Midfielders (8):

  • Sam Coffey (Portland Thorns FC)
  • Savannah DeMelo (Racing Louisville FC)
  • Lindsey Horan (Olympique Lyon, FRA)
  • Taylor Kornieck (San Diego Wave FC)
  • Rose Lavelle (OL Reign)
  • Kristie Mewis (NJ/NY Gotham FC)
  • Ashley Sanchez (Washington Spirit)
  • Andi Sullivan (Washington Spirit)

Forwards (6):

  • Ashley Hatch (Washington Spirit)
  • Mallory Pugh (Chicago Red Stars)
  • Megan Rapinoe (OL Reign)
  • Trinity Rodman (Washington Spirit)
  • Sophia Smith (Portland Thorns FC)
  • Alyssa Thompson (Total Futbol Academy)

Follow Alex Azzi on Twitter @AlexAzziNBC

Justine Wong-Orantes’ atypical path to becoming one of the best liberos in the world

Justine Wong-Orantes hits the ball in the women's semi-final volleyball match between USA and Serbia during the Tokyo 2020 Olympics.
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It’s been 20 years since the same nation held both the Olympic and world volleyball titles at the same time, but libero Justine Wong-Orantes is looking to help lead Team USA accomplish that very feat at the 2022 FIVB Volleyball Women’s World Championships in the Netherlands and Poland. Competition began on Friday and the U.S. is currently 2-0 after group play wins against Kazakhstan and Canada.

“We’re trying to win, for sure,” Wong-Orantes told On Her Turf. “I think, especially with the new turn of the program and the new year of the quad, we just have a really nice blend of veterans and also newcomers on the team.”

The 14-woman roster for Team USA, which is ranked No. 1 in the world and won its first Olympic title last summer, features six players from that gold-medal-winning team. And while Wong-Orantes is among the 2021 U.S. Olympic team veterans, she’s still a relative newcomer to international play.

The Southern California native enjoyed a notable junior career – she was 12 when she became the youngest female to ever earn an AAA rating in beach volleyball – and was a standout collegian at Nebraska, where she was a member of the 2015 NCAA championship team. But Wong-Orantes followed a different path upon graduation, initially choosing not to go overseas to play professionally.

While she was first selected for the U.S. national team in 2016 and played a handful of international tournaments in the following years, it wasn’t until she started playing professionally in Germany in 2019 that she saw the potential to elevate her position on the roster. In particular, the pandemic-delayed Tokyo Olympics gave her an additional year of overseas experience, which she calls “a blessing in disguise.”

“I just felt like I was still in that developmental stage,” she said. “And a whole year postponement allowed me to go overseas and really get all the touches, all the repetitions, and just kind of expose myself to international volleyball another year. So I was, in hindsight, pretty thankful for that COVID season because I got an extra year under my belt, and I think that just gave me a ton of confidence.”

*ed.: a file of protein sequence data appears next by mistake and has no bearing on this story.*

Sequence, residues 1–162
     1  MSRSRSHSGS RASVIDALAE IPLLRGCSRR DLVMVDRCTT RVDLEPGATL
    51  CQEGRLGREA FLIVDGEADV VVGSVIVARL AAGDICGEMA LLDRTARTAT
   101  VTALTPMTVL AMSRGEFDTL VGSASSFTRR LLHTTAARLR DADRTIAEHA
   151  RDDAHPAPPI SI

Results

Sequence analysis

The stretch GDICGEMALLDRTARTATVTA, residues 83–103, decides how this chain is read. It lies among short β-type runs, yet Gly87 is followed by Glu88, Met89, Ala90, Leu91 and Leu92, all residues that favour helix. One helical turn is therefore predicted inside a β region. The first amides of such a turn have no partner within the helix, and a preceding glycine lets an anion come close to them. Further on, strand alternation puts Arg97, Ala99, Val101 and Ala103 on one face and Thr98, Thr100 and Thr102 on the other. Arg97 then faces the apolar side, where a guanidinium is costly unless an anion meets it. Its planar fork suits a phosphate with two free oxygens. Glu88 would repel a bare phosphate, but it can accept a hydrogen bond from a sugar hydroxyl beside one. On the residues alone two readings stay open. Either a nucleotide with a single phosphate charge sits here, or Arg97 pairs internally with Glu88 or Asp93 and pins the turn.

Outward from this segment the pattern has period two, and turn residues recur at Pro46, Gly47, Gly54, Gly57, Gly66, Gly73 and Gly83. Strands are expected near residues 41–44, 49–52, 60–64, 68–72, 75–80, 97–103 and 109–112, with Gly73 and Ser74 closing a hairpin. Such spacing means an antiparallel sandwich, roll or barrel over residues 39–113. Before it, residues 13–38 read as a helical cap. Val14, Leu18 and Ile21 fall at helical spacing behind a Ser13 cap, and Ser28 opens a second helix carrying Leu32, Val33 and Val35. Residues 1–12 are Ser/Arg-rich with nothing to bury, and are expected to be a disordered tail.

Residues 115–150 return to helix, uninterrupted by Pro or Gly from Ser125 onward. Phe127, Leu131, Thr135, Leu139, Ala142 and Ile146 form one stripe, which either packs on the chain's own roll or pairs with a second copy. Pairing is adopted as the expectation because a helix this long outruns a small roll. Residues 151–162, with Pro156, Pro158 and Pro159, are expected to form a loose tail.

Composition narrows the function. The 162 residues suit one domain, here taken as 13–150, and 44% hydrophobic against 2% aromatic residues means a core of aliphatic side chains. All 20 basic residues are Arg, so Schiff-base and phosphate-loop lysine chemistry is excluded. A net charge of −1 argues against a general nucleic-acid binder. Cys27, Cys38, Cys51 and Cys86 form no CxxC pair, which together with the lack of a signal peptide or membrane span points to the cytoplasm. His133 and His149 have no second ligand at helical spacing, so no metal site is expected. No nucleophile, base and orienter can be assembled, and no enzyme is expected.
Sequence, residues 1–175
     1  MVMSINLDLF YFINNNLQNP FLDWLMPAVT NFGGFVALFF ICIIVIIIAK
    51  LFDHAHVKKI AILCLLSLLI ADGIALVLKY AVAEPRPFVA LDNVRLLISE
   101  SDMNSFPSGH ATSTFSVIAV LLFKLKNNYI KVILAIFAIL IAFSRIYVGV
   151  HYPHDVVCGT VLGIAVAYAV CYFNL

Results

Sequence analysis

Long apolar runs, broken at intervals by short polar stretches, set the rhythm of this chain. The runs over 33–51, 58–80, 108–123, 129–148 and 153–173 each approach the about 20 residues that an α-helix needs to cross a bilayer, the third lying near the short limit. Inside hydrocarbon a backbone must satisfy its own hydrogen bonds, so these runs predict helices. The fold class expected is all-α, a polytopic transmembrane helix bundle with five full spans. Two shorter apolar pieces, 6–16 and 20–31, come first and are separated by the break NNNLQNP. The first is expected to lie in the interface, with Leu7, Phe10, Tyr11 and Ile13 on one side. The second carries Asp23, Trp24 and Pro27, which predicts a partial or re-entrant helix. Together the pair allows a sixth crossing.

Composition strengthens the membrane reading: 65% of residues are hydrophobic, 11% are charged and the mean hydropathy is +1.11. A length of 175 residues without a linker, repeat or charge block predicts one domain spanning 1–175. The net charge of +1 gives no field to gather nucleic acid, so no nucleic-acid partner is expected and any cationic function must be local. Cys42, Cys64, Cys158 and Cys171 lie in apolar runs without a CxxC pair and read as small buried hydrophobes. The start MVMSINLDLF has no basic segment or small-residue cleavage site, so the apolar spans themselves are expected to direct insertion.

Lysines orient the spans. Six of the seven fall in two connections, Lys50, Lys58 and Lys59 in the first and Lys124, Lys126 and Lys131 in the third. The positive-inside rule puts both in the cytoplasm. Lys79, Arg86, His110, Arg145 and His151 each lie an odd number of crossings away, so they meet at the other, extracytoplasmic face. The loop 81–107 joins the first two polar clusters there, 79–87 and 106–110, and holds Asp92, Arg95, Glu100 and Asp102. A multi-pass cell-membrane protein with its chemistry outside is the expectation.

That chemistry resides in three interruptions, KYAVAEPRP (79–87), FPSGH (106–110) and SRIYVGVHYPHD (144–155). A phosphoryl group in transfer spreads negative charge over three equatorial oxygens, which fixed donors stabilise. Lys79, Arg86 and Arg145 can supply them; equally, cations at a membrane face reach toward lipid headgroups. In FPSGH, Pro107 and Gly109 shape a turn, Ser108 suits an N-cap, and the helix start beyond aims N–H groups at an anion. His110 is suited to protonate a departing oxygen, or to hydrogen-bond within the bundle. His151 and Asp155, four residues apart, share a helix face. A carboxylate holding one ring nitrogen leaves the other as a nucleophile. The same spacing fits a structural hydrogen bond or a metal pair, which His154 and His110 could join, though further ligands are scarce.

Ahead of the Olympics, Wong-Orantes earned “best libero” honors at the 2021 FIVB Volleyball National League in Rimini, Italy, which helped secure her spot on the Olympic roster. In Tokyo, she followed up with another standout performance and was named best libero of the Olympic tournament.

As to how the Wong-Orantes transformed into one of the world’s top liberos, she points to her background as a beach volleyball player. She began competing at age 8, and her first partner was Sara Hughes, a star on the AVP Pro Tour who also won two NCAA titles with USC.

“I think having that background and just the court awareness that beach volleyball forces you to have allowed me to really have a good read on the game,” said Wong-Orantes. “I think that’s what makes a great libero is just reading and always being reactive towards the ball.”

Wong-Orantes also credits the assistance of mental coach Sue Enquist, a former UCLA softball coach and U.S. national team coach, who now helps teams work on their culture and relationships. Enquist began working with the U.S. volleyball team during the pandemic and has continued in her role ever since.

“We just worked on a lot of stuff within ourselves, within our program, how to communicate with each other off the court, and I think that honestly propelled us into such a high, high level with how we worked with each other, and then that transferred onto the court,” explained Wong-Orantes, who noted the team has Enquist on speed dial while at the World Championship. “I really commend Sue. I just really give a lot of praise to her because I think our culture was never bad, but I think [she] just transformed into a different level.”

2022-09-26 - FIVB Volleyball Womens World Championship 2022 - Day 4
ARNHEM, NETHERLANDS – Justine Wong-Orantes (far right) poses for a photo with her U.S. teammates after defeating Canada at the 2022 FIVB Volleyball Women’s World Championship on September 26, 2022. (Photo by Rene Nijhuis/Orange Pictures/BSR Agency/Getty Images)

Wong-Orantes said she and her U.S. teammates are on their toes for the world championships, which features twice as many teams (24) as the Olympics and a “more grueling” format.

“It’s going to be a long tournament, and I think we’re really going to need all 14 of us that are here. I’m pretty certain that, at any given moment, someone’s going to be called on and someone’s going to need to step up in big moments.”